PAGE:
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  • Question 1/10

    Signs of a concussion can show up in a blood test.

  • Answer 1/10

    Signs of a concussion can show up in a blood test.

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    This kind of head injury can be hard to diagnose because there aren’t always obvious signs. Researchers have found that people who have concussions have special proteins in their blood, and they can hang around as long as a week after a blow to the head. This means your doctor may someday be able to use a blood test to help find out if you have one.

  • Question 1/10

    If your results for any blood test aren’t in the “normal” range, something is definitely wrong.

  • Answer 1/10

    If your results for any blood test aren’t in the “normal” range, something is definitely wrong.

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    They may be outside the normal range for lots of reasons, like your age, gender, or race. Other things -- like what you’ve eaten, how much you drink, and medicines you take -- can affect them, too. Your doctor will talk with you about your results and tell you what they might mean.

  • Question 1/10

    A blood test may be able to tell if you’re depressed.

  • Answer 1/10

    A blood test may be able to tell if you’re depressed.

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    Scientists at Northwestern Medicine came up with this test that’s still in the research stage. It may also be able to tell if your therapy or medication is working.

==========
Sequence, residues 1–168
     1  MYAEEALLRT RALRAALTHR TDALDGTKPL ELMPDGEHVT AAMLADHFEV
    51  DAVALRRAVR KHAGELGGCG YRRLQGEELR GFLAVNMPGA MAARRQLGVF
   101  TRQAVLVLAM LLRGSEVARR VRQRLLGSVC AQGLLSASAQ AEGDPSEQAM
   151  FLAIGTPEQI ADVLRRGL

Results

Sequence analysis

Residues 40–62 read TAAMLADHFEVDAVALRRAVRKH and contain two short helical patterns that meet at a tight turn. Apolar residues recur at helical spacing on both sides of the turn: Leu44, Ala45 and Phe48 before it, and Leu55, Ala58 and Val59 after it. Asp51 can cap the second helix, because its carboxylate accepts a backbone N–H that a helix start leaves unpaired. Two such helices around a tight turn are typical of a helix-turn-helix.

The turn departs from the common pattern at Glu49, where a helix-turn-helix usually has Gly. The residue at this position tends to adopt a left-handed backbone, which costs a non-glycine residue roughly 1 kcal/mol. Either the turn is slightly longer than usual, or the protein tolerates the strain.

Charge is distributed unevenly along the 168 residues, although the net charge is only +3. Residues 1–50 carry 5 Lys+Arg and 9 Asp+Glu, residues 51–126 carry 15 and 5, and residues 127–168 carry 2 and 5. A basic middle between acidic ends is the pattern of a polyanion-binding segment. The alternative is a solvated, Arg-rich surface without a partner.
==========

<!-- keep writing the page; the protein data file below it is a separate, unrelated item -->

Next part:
• Question 1/10

    Doctors use a blood test to help diagnose prostate cancer.

  • Answer 1/10

    Doctors use a blood test to help diagnose prostate cancer.

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    A prostate-specific antigen (PSA) test measures how much of a certain protein is in your blood. Too much could be a sign of cancer, but it could mean other things, too, like a urinary tract infection. You’ll need further testing to find out if it’s cancer. 

  • Question 1/10

    A complete blood count (CBC) test checks:

  • Answer 1/10

    A complete blood count (CBC) test checks:

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    This test tells your doctor a lot about your health. White blood cells help fight infection, red blood cells carry oxygen, and platelets help your blood clot. Your doctor might suggest you have this kind of test if you have certain symptoms or a condition that can affect your blood cells.

  • Question 1/10

    It’s possible to find out how many colds you’ve had from a sample of your blood.

  • Answer 1/10

    It’s possible to find out how many colds you’ve had from a sample of your blood.

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    When you’re sick, your body makes special white blood cells to attack bacteria, viruses, and other things that shouldn’t be in your body. These special cells are called antibodies, and they stay in your blood for years or even decades. Researchers are working on a blood test that could tell your doctor what kinds of infections you’ve had.

  • Question 1/10

    Blood test results are always right.

  • Answer 1/10

    Blood test results are always right.